Steve is the trusted lawyer and advisor for a select group of business owners, executives and their families. Drawing on his diverse knowledge of corporate law, commercial law, real estate, wills and trusts, Steve carries on a successful business law practice and works extensively in the field of wealth management, estates and succession planning.

Clients value Steve’s discretion and constructive approach to getting things done. They recognize his affinity for the “people” side of the practice of law and appreciate that he really cares.

Steve’s work comes mainly on referral from other lawyers and, increasingly, involves planning and problem solving in complex business and family situations. He is often consulted for second opinions and a different perspective.

Steve began to practice in 1982, after obtaining his first law degree at the University of Western Ontario and a graduate degree at the University of Cambridge.
John is a seasoned litigation lawyer. He takes pride in being accessible, responsive and forthright. He is able to clearly analyze a problem, design an effective strategy and proceed to a successful conclusion.

John has extensive courtroom experience. He is calm, determined and fearless. His clients sometimes remark that he wants to win more than they do. A selection of John’s reported cases appears below.

John has broad experience with commercial issues, employment matters, professional negligence claims, insurance coverage issues, vendor/purchaser disputes, shareholder/partnership issues and human rights complaints.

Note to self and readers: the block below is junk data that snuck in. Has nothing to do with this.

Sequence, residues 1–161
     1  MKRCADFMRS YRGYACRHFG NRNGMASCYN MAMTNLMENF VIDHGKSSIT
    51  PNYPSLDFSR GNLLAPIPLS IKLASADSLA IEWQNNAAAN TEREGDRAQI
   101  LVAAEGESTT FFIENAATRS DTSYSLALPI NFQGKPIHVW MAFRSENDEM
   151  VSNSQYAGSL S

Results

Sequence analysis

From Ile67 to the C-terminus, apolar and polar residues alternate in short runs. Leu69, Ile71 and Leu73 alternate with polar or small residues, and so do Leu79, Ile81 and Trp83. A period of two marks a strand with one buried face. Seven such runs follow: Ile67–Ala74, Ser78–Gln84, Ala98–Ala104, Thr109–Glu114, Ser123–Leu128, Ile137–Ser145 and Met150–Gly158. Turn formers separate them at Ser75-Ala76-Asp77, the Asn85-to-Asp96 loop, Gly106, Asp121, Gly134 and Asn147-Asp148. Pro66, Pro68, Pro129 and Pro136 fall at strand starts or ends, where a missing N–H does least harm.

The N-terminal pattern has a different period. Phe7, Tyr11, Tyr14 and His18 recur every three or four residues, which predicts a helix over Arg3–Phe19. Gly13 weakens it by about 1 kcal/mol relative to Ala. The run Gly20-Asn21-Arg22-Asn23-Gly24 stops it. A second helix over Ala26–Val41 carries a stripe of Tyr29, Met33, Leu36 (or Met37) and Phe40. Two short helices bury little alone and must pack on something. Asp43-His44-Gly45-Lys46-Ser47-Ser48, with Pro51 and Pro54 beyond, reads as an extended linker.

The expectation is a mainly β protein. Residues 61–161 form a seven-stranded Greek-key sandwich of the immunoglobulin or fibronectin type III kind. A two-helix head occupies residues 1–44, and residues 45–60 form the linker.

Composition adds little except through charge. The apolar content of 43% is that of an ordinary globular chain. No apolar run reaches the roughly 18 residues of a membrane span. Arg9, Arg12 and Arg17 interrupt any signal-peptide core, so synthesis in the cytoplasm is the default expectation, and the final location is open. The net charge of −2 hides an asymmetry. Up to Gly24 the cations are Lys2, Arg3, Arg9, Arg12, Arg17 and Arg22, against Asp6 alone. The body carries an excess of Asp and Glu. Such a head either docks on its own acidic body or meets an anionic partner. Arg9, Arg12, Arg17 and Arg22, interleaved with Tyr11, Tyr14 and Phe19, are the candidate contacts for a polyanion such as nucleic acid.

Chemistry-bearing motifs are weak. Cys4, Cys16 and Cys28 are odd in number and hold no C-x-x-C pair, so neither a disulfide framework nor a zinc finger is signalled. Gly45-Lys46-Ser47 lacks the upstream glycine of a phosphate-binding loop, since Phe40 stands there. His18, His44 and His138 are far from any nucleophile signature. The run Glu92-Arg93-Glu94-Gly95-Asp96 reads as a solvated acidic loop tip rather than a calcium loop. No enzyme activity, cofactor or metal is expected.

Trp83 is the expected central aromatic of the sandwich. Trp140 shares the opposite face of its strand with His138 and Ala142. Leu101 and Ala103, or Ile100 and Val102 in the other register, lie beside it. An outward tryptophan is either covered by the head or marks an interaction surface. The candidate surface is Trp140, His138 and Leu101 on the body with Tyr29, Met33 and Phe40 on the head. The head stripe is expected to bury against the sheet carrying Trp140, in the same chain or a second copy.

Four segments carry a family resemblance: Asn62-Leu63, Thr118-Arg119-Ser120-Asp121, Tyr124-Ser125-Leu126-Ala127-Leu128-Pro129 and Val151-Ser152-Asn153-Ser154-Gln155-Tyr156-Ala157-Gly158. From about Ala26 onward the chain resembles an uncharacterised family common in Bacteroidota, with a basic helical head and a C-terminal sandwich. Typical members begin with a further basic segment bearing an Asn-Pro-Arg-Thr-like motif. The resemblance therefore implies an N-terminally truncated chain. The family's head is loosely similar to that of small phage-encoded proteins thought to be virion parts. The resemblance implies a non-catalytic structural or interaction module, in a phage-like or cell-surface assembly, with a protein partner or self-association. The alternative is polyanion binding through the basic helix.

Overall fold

John’s work comes from referrals from previous clients and other lawyers. He also acts for a group of long standing clients who appreciate his determined and personal attention to their needs.

John began to practice in 1980 after obtaining his law degree at the University of Western Ontario. John practiced at WeirFoulds LLP from 1980 to 2011.
Baiden et al v. Canadian Universities Reciprocal Insurance Exchange, 2011 ONSC 7374 (Ont. Sup. Ct.). An insurer was ordered to defend a university professor in a claim by a disgruntled student.
Love v. Acuity Investment Management Inc. (2009), 74 C.C.E.L. (3d) 272 (Ont. Sup. Ct.); 75 C.C.E.L. (3d) 287 (Ont. Sup. Ct.); 2011 ONCA 130. A dismissed executive's $15.5M claim was assessed at trial at $528,000 and reduced to $131,000 on appeal. He ended up recovering nothing and having to pay $138,000 in costs to his former employer.
Woodbury v. State Farm Fire & Casualty Co. (2010), 88 C.C.L.I. (4th) 261 (Ont. Sup. Ct.). A homeowner's insurance policy did not cover a boating accident.
Homelife Realty Services Inc. v. Homelife Performance Realty Inc. (2007), 64 R.P.R. (4th) 102 (Ont. Sup. Ct.). Claims by a real estate franchisee for inducing breach of contract and other economic torts were dismissed.
4345142 Ontario Inc. v. InStorage Ltd. Partnership (2008), 72 R.P.R. (4th) 102 (Ont. Sup. Ct.). A claim to an equitable lien arising out of an earn-out agreement was dismissed.
Taggart v. Canada Life Assurance Co. (2005), 40 C.C.E.L. (3d) 312; (2006) 50 C.C.P.B. 163. A dismissed executive recovered his pension losses.
North York General Hospital Foundation v. Armstrong et al. (2004), 34 R.P.R. (4th) 173, 258 D.L.R. (4th) 85. A landlord was prevented from terminating long-term leases in a land lease community.